Import worth increased by Nu 434mn in November and December last year compared to the previous year 2019 for the top 10 commodities.
Bhutan imported Nu 11.78mn worth last year and Nu 11.35mn in 2019. The most imported commodities were in the transportation sector with diesel amounting to Nu 6.75mn followed by import of mobile phones with Nu 4.32mn, according to the Department of Revenue and Customs (DRC).
Moreover, wood charcoal import was Nu 3.92mn, coke, and semi-coke, Nu 3.81mn, rice, Nu 3.59mn, petrol, Nu 2.30mn, ferrous products obtained by direct reduction of iron, Nu 2.28mn, ore, Nu 2.11mn, machinery with a 360-degree revolving superstructure, Nu 1.89mn, electric motor and generators, Nu 1.89mn, and laptop and computers, Nu 1.48mn.
Records also reveal that in the months of November and December 2019, the most imported products were ferrous products obtained by direct reduction of iron ore worth Nu 8.51mn, petrol worth Nu 4.59mn, wood charcoal worth Nu 3.25mn, rice worth Nu 2.78mn, coke and semi-coke worth Nu 2.45mn, vehicle (of a cylinder capacity not exceeding 1,000 ccs) worth Nu 1.54mn, mobile phone worth Nu 1.45mn, waste and scrap of cast iron worth Nu 1.36mn and unused postage, revenue or similar stamps worth Nu 1.29mn.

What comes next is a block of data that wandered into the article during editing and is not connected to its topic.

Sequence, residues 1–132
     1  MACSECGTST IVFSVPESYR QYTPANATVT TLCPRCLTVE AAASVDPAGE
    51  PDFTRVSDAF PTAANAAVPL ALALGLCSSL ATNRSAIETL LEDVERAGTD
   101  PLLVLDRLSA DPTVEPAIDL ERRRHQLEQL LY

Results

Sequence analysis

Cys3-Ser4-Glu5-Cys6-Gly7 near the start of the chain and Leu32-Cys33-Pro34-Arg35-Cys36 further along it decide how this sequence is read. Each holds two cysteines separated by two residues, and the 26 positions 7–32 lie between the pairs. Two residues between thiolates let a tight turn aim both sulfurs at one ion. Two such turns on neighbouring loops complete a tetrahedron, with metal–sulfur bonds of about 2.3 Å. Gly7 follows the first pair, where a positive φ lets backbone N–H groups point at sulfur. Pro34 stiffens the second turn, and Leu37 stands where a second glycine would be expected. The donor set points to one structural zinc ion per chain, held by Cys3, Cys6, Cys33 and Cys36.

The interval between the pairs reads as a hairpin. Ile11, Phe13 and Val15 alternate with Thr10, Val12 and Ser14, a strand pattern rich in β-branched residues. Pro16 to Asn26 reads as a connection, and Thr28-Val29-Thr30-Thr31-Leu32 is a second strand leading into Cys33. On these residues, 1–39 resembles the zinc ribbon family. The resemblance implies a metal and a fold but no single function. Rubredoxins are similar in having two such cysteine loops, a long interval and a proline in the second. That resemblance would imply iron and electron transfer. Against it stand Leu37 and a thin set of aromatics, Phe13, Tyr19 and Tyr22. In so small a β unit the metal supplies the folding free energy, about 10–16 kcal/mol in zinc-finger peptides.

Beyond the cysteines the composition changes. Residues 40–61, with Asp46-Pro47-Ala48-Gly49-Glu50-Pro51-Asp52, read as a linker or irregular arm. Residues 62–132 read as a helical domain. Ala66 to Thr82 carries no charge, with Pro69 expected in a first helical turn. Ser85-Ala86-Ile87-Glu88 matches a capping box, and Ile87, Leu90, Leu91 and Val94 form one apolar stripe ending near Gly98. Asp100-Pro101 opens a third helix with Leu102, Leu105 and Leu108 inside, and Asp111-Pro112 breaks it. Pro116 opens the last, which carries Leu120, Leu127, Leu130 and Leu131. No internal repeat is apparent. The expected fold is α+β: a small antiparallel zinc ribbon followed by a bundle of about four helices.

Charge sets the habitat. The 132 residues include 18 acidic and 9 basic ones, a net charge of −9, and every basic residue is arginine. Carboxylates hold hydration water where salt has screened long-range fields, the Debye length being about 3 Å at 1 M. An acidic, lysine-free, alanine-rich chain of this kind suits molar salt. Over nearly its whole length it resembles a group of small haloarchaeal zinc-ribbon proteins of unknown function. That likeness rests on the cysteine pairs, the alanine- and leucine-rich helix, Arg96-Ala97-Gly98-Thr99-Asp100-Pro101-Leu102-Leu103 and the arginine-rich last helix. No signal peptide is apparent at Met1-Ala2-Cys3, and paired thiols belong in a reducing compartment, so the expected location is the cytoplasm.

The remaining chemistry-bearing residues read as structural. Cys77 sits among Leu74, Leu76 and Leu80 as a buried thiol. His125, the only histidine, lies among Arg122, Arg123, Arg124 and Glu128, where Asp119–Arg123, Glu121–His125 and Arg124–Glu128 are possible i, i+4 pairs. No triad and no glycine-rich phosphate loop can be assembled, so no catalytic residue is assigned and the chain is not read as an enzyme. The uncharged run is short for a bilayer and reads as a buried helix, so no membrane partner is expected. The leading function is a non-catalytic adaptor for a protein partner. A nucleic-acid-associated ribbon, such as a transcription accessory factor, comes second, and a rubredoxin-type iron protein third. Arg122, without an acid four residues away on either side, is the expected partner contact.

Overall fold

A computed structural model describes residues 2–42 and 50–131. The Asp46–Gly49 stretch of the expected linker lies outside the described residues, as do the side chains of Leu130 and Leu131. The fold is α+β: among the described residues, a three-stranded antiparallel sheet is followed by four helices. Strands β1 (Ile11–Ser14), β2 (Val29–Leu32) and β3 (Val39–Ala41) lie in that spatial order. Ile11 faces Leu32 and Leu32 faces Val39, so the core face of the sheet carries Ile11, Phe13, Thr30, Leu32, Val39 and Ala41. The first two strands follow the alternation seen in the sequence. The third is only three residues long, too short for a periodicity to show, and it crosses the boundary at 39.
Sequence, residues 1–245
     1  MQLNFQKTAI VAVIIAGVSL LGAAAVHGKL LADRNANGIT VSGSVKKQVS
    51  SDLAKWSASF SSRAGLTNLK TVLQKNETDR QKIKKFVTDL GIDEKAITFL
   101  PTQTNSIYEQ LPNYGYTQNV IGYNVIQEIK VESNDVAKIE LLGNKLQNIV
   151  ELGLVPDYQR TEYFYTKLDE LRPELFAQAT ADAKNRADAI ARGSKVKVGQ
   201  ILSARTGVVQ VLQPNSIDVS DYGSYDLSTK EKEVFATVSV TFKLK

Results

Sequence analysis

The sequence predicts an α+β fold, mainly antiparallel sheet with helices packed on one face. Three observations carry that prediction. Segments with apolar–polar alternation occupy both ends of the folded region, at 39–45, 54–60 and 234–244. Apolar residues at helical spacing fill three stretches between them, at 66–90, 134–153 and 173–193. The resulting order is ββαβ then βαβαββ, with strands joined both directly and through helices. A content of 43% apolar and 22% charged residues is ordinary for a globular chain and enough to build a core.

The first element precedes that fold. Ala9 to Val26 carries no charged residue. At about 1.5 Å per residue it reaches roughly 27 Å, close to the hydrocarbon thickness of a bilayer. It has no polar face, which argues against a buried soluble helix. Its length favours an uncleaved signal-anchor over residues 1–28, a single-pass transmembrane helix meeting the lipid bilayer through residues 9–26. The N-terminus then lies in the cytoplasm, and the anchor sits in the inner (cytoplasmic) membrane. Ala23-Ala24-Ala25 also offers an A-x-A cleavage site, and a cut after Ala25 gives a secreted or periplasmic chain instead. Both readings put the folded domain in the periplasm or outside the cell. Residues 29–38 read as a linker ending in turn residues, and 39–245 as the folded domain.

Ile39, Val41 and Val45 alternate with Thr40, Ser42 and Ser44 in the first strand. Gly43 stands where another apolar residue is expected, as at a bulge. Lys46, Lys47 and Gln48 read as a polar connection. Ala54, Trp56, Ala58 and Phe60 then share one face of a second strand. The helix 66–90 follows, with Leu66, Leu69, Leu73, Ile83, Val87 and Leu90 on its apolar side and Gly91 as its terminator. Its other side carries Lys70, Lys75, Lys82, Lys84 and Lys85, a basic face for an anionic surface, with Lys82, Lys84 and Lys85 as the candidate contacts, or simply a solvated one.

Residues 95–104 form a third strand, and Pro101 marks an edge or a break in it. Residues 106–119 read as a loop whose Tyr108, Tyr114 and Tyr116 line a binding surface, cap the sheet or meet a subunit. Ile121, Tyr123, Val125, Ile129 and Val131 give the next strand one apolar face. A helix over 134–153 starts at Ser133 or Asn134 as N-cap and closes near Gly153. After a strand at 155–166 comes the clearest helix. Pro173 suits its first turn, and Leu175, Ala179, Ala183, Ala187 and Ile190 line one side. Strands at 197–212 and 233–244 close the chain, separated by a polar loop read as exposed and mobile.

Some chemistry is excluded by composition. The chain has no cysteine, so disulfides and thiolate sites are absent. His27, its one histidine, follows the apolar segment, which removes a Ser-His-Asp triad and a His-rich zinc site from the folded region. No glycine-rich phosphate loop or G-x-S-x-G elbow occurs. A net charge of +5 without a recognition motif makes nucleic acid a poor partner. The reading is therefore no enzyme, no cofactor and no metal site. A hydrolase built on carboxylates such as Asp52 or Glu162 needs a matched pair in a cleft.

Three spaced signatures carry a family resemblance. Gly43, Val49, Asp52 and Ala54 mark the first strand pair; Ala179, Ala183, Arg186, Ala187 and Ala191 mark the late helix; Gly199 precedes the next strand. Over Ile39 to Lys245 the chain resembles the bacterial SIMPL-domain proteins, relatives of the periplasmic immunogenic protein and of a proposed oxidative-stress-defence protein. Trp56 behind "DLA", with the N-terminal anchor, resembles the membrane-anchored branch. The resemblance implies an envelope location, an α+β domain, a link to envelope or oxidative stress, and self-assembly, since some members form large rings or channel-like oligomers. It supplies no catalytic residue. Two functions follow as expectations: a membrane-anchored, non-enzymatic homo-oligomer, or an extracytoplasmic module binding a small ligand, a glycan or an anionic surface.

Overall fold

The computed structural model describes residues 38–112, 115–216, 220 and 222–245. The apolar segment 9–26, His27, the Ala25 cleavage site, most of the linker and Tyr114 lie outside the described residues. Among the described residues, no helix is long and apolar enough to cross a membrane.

The top ten exports during November and December 2020 were ferro-silicons worth Nu 2.56bn, boulders worth Nu 7.08mn, cardamom worth Nu 3.34mn, pebbles, gravel, broken or crushed stone worth Nu 3.04mn, Portland Pozzolana Cement worth Nu 2.71mn, ordinary Portland cement worth Nu 1.29mn, potatoes worth Nu 1.26mn, gypsum worth 1.17mn, limestone and calcareous stone worth Nu 1.11mn and dolomite (chips) worth Nu 1.02mn.
During November and December 2019, exports included semi-finished product of iron and non-alloy steel worth Nu 4.89mn, boulders worth Nu 3.77mn, Portland Pozzolana Cement worth Nu 3.41mn, cardamom worth Nu 2.73mn, pebbles, gravel, broken or crushed stone worth Nu 2.18mn, dolomite (chips) worth Nu 2.13mn, oranges worth Nu 2.06mn, potatoes worth Nu 1.70mn, and silicon carbide worth Nu 1.27mn.
Exports decreased during November and December 2020 compared to the two months in 2019 by Nu 400mn.
President of Bhutan Export Association (BEA)Dorji Tshering said, “I think the export of boulders should recover the shortcomings from the revenue that tourism failed to generate this time. We are expecting around Nu 0.3mn dollars as income for the country.”
General Secretary of BEA, Tshering Yeshey said, outside the country, there are no challenges and the BEA representatives are always there to facilitate Bhutanese exports. “If a problem arises then we do have our representatives to look after the issues that come up on a daily basis.”
According to him, during the pandemic, whenever issues arose they were sorted over the phone. “We have good contact with the Indian customs and whenever a problem arises we immediately sort it out and they are also supportive especially when the pandemic is making things difficult,” he said, adding that initially the team used to visit the site and sort out the problem in a meeting but due to the pandemic this has not been possible.
“We have put safety protocols in place to make export safer,” he said.
Sonam Tashi from Thimphu